A day tour of Kathmandu covers the imperative landmarks of Kathmandu Valley inside one day. After having breakfast in a hotel we visit the well-known temple of Kathmandu like Swayambhunath Stupa (Monkey Temple), Pashupatinath Temple, Patan Durbar Square, and Bhaktapur Durbar Square, Kathmandu's biggest and most great Durbar square.
Underneath please locate some brief insights of knowledge about some of the landmarks and squares that we will visit:
Pashupatinath temple is one of the holiest temples of Lord Shiva, as indicated by the Hindu religion. Arranged on side of lavish green natural forest the temple is worked in pagoda style with overlaid rooftop and luxuriously cut silver entryways. The heavenly waterway Bagmati streams aside from the Temple. Pashupatinath Temple is generally visited on Mondays where the temple is swarmed by its devotees.
Syambhunath Temple can be seen from various parts of Kathmandu Valley as it lies on the highest point of a slope west of the City. Swayambhunath Temple is the most famous and in a flash recognizable symbol of Nepal, a 2000 years of age Buddhist holy place. We can likewise visit the Saraswati (goddess of Study) Temple which is close of Swayambhunath Temple. We can see many monkeys on our approach to Swayambhunath Temple, consequently its other name, Monkey Temple.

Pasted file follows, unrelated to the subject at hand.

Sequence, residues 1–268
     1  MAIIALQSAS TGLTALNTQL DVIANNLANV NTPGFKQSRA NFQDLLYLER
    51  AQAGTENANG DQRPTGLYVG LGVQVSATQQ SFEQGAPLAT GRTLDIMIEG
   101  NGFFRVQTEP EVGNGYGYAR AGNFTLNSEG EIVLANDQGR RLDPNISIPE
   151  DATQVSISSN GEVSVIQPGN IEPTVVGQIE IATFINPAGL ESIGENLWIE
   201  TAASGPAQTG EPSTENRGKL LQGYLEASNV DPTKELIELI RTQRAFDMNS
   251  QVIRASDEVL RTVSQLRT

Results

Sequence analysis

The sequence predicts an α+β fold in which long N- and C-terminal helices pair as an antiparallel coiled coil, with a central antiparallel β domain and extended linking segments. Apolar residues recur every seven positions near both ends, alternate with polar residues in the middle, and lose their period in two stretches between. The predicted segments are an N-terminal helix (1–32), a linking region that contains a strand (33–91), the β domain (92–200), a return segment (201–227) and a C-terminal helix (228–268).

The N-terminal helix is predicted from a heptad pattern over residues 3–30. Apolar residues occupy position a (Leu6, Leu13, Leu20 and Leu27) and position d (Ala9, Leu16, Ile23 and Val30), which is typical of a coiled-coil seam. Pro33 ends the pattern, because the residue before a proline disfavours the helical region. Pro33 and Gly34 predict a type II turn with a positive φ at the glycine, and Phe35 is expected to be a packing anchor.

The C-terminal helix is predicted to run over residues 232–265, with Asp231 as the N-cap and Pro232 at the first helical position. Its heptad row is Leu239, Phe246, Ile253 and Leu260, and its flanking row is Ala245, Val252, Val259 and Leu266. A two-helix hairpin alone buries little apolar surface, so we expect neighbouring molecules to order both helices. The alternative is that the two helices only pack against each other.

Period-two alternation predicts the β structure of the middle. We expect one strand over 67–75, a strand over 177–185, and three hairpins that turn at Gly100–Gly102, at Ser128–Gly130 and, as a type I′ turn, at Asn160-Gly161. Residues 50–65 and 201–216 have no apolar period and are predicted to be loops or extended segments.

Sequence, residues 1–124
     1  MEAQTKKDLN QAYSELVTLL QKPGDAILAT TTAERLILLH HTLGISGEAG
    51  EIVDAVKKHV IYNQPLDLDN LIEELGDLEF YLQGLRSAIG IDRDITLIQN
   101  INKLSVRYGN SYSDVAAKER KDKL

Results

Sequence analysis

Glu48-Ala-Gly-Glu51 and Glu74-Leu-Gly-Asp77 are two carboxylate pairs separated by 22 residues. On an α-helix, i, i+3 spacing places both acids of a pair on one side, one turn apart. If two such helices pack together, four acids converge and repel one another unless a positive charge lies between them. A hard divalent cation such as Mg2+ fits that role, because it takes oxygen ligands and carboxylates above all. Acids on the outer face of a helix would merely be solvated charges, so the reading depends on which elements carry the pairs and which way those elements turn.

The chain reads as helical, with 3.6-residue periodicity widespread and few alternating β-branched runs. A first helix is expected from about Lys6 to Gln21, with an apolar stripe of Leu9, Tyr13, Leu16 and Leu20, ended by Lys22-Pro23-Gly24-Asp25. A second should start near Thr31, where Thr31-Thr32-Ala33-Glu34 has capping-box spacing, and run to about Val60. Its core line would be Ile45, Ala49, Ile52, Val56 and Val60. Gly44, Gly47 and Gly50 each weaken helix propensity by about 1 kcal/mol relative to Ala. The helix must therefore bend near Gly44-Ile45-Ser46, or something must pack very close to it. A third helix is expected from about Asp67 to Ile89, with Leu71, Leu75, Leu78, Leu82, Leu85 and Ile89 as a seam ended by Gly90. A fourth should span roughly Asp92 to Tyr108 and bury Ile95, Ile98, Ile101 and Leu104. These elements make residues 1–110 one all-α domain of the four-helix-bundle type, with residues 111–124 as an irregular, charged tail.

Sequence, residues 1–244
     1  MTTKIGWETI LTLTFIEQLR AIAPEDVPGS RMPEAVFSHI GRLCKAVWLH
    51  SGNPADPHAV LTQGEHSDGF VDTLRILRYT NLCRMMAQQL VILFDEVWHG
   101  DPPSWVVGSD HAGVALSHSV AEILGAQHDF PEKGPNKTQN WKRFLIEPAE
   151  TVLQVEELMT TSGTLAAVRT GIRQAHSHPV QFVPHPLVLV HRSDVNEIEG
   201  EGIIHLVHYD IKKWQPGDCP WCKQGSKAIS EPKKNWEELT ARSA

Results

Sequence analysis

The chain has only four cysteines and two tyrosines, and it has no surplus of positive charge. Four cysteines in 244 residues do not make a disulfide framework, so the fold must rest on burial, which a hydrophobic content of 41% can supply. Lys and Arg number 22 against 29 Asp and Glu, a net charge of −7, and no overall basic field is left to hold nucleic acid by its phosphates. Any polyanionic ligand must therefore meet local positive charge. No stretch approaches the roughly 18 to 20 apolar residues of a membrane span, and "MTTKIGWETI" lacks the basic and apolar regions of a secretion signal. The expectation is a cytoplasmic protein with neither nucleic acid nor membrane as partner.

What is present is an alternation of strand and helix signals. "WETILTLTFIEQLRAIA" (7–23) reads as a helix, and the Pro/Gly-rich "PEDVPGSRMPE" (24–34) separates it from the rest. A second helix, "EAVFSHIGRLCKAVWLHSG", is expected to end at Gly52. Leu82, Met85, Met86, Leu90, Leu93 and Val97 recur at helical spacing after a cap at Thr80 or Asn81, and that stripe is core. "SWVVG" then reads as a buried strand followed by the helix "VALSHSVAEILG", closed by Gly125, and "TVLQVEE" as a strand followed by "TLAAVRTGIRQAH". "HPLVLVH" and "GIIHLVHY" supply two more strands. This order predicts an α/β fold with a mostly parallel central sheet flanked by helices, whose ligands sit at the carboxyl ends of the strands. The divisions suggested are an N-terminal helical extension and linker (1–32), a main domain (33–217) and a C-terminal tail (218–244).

Patan Durbar Square:
Patan is a small city that contacts Kathmandu and Bhaktapur. The generally visited place of Patan will be Patan Durbar square which establishes various temples inside a little zone. The whole east side of the Durbar square is overwhelmed by the antiquated regal royal residence that was utilized to be led by the Malla Dynasty. Patan is otherwise called the city of expressive arts which comprises of amazing landmarks like Krishna Temple, Banglamukhi Temple, Patan Museum and numerous others.
Kathmandu Durbar Square:
Kathmandu Durbar Square is the right place to start our touring. The old imperial royal residence, running along the eastern edge of the square, consumes up more room than the various landmarks here joined. Kumari Chowk, home of Katmandu's "Living goddess", overlooks the square from the south. The square itself is crushed by the castle into two sections: the Southern part with Kasthamandap, the antiquated building that most likely gave Kathmandu its name, and the Northern part, taken up by different parades of statues and temples. The working here is the best accomplishment of the Malla tradition, coming about because of the incredible contention between the three royal residences of Kathmandu, Patan, and Bhaktapur.
Kathmandu Valley was once separated among the children of Yaksya Malla. For guests today, and for the Nepalese, it was fortunate that they, and later their children, started aesthetic fighting endeavoring to exceed each other in splendid contributions. Kings copy everything their neighbors worked in a significantly more excellent style. Today, every one of the three Durbar squares is visited by a great many individuals day by day. Unfortunately, the recent earthquake in Nepal devastated a portion of the temples, yet the squares are as yet worth visiting.
Good to Know
A deposit of 20% is required when booking this tour. The remaining balance will be charged 45 days prior departure. For any bookings within 45 days of departure, the full tour amount will be charged upon booking.